The 4% Retirement Rule: Neat, Plausible and Wrong

Written by: Paul R. Samuelson

The persistent—and futile—debate over the 4% rule for retirement income brings to mind the observation of the American social critic H.L. Mencken:

“There is always a well-known solution to every human problem—neat, plausible and wrong,” Mencken wrote in 1920.

Retirement wasn’t on Mencken’s mind (the average life expectancy in 1920 was around 54). But I imagine he might have anticipated the 4% rule and the zombie economic theory that tax cuts pay for themselves. Both are neat, plausible and not obviously wrong. 

The 4% rule works as a back-of-the-napkin analysis of how much an investor or couple can withdraw annually to stretch those savings to last about 30 years.

However, it fails to provide the nuanced, personalized, tax-aware and technology-informed approach you take with clients seeking advice on transforming their accumulated savings into a retirement income stream.

When 4% Works—And (More Often) When It Doesn’t

The 4% rule suggests that people retiring between the ages of 60 and 65 can withdraw 4% of their accumulated savings (invested 50/50 in stocks and bonds) to pay expenses in year one. Each year after, they can withdraw the same amount plus a cost-of-living adjustment (COLA) based on the inflation rate.

I can think of one case that supports a “withdrawal rule.” It is a single retired person with safe investments and consistent Social Security, pension and/or annuity payments. A withdrawal level could be assigned based on the rate available from a single-payment income annuity with a COLA. 

The case for a constant withdrawal level falls apart when it comes to married couples. At some point, one member will die, and the other will be widowed. Suddenly, the survivor will receive smaller payments from Social Security and perhaps pensions. The survivor won’t necessarily be the partner with fewer health concerns or superior financial skills.

Subsequently, the widowed partner will face higher tax rates because their deductions and tax brackets are sliced in half when filing as a single person. They may also need to contend with the still-emerging rules on RMDs.

For married couples, then, an annual withdrawal level when they begin retirement should be reduced to prepare for the time when a survivor will have to increase withdrawals to maintain a home and lifestyle and possibly in-home or facility services as the survivor ages.

Meet Regularly Once Clients Retire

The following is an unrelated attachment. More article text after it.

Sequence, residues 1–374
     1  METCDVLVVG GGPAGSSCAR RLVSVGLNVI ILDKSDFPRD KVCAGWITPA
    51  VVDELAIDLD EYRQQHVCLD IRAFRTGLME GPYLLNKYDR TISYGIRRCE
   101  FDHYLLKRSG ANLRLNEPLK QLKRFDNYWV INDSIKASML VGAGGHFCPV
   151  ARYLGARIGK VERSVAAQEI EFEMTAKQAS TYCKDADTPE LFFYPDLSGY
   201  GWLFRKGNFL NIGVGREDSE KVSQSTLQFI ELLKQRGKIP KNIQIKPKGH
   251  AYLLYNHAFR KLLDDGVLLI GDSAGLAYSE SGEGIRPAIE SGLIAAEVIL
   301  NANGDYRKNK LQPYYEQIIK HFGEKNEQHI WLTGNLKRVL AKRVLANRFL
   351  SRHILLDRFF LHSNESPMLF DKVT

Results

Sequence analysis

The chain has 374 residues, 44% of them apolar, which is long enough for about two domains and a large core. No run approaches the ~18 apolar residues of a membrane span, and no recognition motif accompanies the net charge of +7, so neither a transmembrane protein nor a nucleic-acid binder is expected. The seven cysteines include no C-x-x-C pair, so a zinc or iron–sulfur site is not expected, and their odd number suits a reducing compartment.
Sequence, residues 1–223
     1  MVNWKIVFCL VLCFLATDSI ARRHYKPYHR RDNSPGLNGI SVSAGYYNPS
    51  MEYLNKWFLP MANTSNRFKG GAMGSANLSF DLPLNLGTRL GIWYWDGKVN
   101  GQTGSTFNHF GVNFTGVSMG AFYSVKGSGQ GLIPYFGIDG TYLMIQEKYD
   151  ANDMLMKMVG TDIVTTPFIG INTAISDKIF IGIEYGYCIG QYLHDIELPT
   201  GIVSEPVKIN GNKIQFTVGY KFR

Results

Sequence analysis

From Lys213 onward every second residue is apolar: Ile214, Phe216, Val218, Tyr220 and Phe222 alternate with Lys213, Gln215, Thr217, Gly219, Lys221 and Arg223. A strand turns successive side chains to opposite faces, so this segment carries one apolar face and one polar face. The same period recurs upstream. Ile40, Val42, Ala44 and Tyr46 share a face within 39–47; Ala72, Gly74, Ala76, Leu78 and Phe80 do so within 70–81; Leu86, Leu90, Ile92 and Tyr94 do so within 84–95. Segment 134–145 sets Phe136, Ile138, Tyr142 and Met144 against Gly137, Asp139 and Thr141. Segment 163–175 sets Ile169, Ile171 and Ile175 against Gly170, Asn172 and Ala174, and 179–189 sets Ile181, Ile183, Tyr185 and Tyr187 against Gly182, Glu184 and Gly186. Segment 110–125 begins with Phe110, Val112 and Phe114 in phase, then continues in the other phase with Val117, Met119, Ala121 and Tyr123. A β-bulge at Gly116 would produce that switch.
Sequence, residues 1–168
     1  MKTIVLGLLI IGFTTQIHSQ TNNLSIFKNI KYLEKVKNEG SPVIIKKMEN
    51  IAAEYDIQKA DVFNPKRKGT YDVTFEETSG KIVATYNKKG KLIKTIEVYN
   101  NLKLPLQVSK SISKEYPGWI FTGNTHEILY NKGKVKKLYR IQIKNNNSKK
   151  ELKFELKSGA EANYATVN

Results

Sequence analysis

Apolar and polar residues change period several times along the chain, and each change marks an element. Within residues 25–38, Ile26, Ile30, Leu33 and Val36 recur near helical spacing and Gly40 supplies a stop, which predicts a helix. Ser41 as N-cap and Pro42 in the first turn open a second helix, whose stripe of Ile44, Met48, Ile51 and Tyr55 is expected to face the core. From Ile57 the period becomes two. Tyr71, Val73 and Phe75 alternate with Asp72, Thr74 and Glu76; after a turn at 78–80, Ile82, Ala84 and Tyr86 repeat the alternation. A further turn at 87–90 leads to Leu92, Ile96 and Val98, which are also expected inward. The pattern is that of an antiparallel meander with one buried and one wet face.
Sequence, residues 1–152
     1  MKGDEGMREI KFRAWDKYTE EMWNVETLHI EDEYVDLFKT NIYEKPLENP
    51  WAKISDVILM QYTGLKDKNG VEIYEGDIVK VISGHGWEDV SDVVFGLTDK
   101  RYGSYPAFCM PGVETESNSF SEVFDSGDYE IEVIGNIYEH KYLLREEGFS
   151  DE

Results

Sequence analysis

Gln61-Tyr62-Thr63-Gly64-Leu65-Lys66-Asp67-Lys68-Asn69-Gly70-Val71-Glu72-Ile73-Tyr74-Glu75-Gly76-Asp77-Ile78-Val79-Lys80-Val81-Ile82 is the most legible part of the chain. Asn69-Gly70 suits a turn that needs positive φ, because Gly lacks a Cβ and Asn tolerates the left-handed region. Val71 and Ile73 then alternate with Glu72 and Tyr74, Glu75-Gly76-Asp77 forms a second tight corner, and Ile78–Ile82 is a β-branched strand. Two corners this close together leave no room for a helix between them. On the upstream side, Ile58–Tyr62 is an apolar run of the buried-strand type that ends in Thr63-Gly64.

Determining appropriate withdrawal levels is an ongoing process because amounts will vary over the course of retirement, depending on:

  • When someone ceases working, or whether they work part-time.
  • Unpredictable windfalls from bequests or gifts.
  • When they begin collecting Social Security and required minimum withdrawals (RMDs).

For example, it can make sense for some 65-ish retirees to take larger withdrawals from brokerage and savings accounts. This allows them to:

  • Defer collecting Social Security until age 70.
  • Wait to draw from retirement accounts until mandated.
  • Allow those accounts to continue to benefit from interest accruing and investment gains.

It’s worth noting that the economy and the markets can throw a wrench into the best plan for level withdrawals of any percentage. For example, in the past few years, people who committed to a level of withdrawal may have struggled to pay drastically higher costs for food, housing, fuel and other basic living expenses.

Samuelson’s Formula

I’ve made my point: A tidy solution denies the caprice of life and the inherent complexity of retirement income management.

Nevertheless, I will defy H.L. Mencken’s warning about neat solutions with a few of mine that have had a high batting average for households that have saved wisely for retirement:

  • Healthy individuals should put off filing for Social Security until age 70. Advisors can help them with ideas about how to do this. Delaying will mean they will collect significantly more Social Security benefits over their lifetimes.  
  • Healthy individuals should also work as long as they can to shore up their savings and capacity to meet the needs of advanced old age.
  • As households transition into retirement, they can take higher account withdrawals while they wait for retirement income from Social Security and RMDs to replace earned income partially.
  • Households with tax-advantaged retirement accounts—IRAs, 401Ks and the like—and taxable brokerage accounts can reduce their expected lifetime taxes on IRA withdrawals by aiming to achieve a constant taxable income (corrected for marital status).
  • Households with small investment accounts should buy at least one income annuity with survivor benefits but without a long period of guaranteed payments. This will provide a low-cost, reliable retirement income stream and peace of mind.
  • Both couple members should understand their investments and retirement income sources because one or the other will have to carry on alone. As an advisor, you can help see to that. If there is a reliable child or other trustworthy relative, include them in the conversations.

Get ready. This year marks “peak 65,” when more boomers turn 65 than in any past year. Retirement is on their minds: the recent Allianz Life 2023 New Year's Resolutions Survey found that more than 1 in 5 workers said they would likely retire in 2024. Among boomers still working, 31% said they will likely retire in 2024.

The work of accumulation can seem easy when compared with decumulation. But your advice is as necessary as ever. Please don’t fall victim to the notion that any of it is neat.

Related: Why Are Fidelity, Schwab, Morgan Stanley and Vanguard So Far Ahead in New AUM?